The Sum Of Five: ADAM RIFKIN Interview

Here on Wicked Theory we are expanding our efforts to bring to you exposure to the entertainment that matters, to fight to keep it alive, and to enlighten you on the cutting edge you may be missing out on. In this segment, we will sit down with real industry originals for five questions summing up the voyage they are on.

For our first run out of the gate, we are talking with Adam Rifkin, a great director who has paid his dues and continues to give us thought provoking entertainment tainted with his uniquely dark humor. So Adam, let’s sum it up in five...

Can you recollect, what was the defining moment when you decided you wanted to be involved in the film industry?
I grew up loving movies from as early an age as I can remember.  My first love was monster movies. The classics; Frankenstein, Dracula, etc.  I figured out pretty early on that someone had to behind making them.  I didn't understand at that age what a director was, I just knew that someday I wanted to make movies too.  There really wasn't a "defining moment", just a love and a passion for the magic of the movies and an early need to be a part of it.

If you had one mulligan for all of the projects you have done, what would be the one you would take back to do all over again or even completely snuff out?

No regrets!  Every decision, every experience, every up and every down is part of the whole.  If it wasn't for the downs of yesterday I wouldn't know how to effectively navigate the ups of today.

Chillerama was recently released to DVD which had your mini-movie “Wadzilla”, which I greatly enjoyed. How did it come about from an idea perspective because there was a lot of what I will call enjoyable campiness crammed in such a short offering?

CHILLERAMA was always meant to be a love letter to the B-movie.  All the best B-movies are deliciously campy and we wanted CHILLERAMA to embody that spirit.  WADZILLA was definitely intended to be outrageous. I wanted to come up with something that would make people laugh and gross people out simultaneously. A giant killer sperm just seemed like the logical place to go.

A lot of what is coming out of Hollywood today for the most part is rehashes of not so distant story lines and very much overdone concepts, how does an artist like you keep the motivation and create when the big studios are flooding the public with shallow thought entertainment?

Hollywood has always remade and rehashed previously successful fare.  It's nothing new.  Every silent film hit was remade once sound came along.  Movies of successful books and plays have always been part of the Hollywood M.O.  Sequels are as old as 1916's Fall Of A Nation, sequel to Birth Of A Nation.  A Star Is Born is about to be remade a fourth time.  Some sequels and remakes are great, like the 1978 version of Invasion Of The Body Snatchers, and some suck, like the 2007 version of Invasion Of The Body Snatchers.  Cronenberg's The Fly was great, as was Carpenter's The Thing.  Both remakes.  My general feeling is this, I root for all movies to be good.  Good movies are good for everybody and good for the business as a whole.  All I want to do is focus on making movies that I wanna make and try and make them as well as I can.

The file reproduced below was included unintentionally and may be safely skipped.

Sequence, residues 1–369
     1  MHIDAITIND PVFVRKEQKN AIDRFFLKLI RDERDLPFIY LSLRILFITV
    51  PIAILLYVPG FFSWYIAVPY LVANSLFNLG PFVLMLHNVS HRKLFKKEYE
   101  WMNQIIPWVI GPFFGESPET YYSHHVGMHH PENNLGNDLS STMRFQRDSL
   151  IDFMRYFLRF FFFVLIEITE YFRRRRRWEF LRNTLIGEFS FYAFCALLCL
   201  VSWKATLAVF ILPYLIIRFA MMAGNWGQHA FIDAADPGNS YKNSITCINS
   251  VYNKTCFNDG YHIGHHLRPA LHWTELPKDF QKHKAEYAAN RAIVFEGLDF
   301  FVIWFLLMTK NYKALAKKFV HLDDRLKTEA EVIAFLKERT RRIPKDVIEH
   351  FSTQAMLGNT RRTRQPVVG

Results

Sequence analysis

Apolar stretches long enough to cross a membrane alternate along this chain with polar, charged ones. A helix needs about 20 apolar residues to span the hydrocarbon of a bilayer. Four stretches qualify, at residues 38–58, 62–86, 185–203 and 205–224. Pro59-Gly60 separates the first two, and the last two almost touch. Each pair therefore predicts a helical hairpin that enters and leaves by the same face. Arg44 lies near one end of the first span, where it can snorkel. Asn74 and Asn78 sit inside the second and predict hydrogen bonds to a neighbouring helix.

On the originality note, we have to talk about your Showtime series LOOK and movie of the same name. Shooting the whole thing with surveillance cameras really for me came together much better than I expected and pushed the dramatic elements to another level. From that POV as a viewer, it evokes so much inner darkness from an emotional standpoint that I find myself feeling helpless, guilt-ridden, and foreboding all at the same time. How did the idea for LOOK come about and develop for you and what are the things you did different to maintain its grim wholesomeness?

The idea for LOOK originally came about as a result of getting a traffic ticket from a red light cam.  When I received the ticket in the mail and saw the photo of me running the light it creeped me out.  I started wondering how many other times a day I was being photographed without my knowledge.  Turns out, hundreds.  That's when the idea hit me to do an entire film from the vantage point of surveillance footage.  The movie turned out well and was a big indie success so when the idea came about to continue to explore the LOOK world for TV I jumped at it.  I definitely wanted the viewer to feel unnerved.  Like a voyeur, complicit in observing something they shouldn't be watching.  As far as maintaining grim wholesomeness is concerned, I can't say I'd ever thought about it quite like that, but what I did want to do it show that everybody has two sides, a public side, and a private side.  Everybody acts differently to some degree when they think that nobody is watching them.  I definitely wanted to explore people's most private moments, in all their grim and wholesome glory.

There you have it people, five burning questions with director, writer, and producer Adam Rifkin. Be sure to check out Chillerama on DVD and make time to experience the sensation that is LOOK on Showtime. Season One of LOOK is also now available Hulu.com for you to catch up if you haven’t started or to get your friends hooked as well; it doesn’t disappoint!
By W.C Sowder

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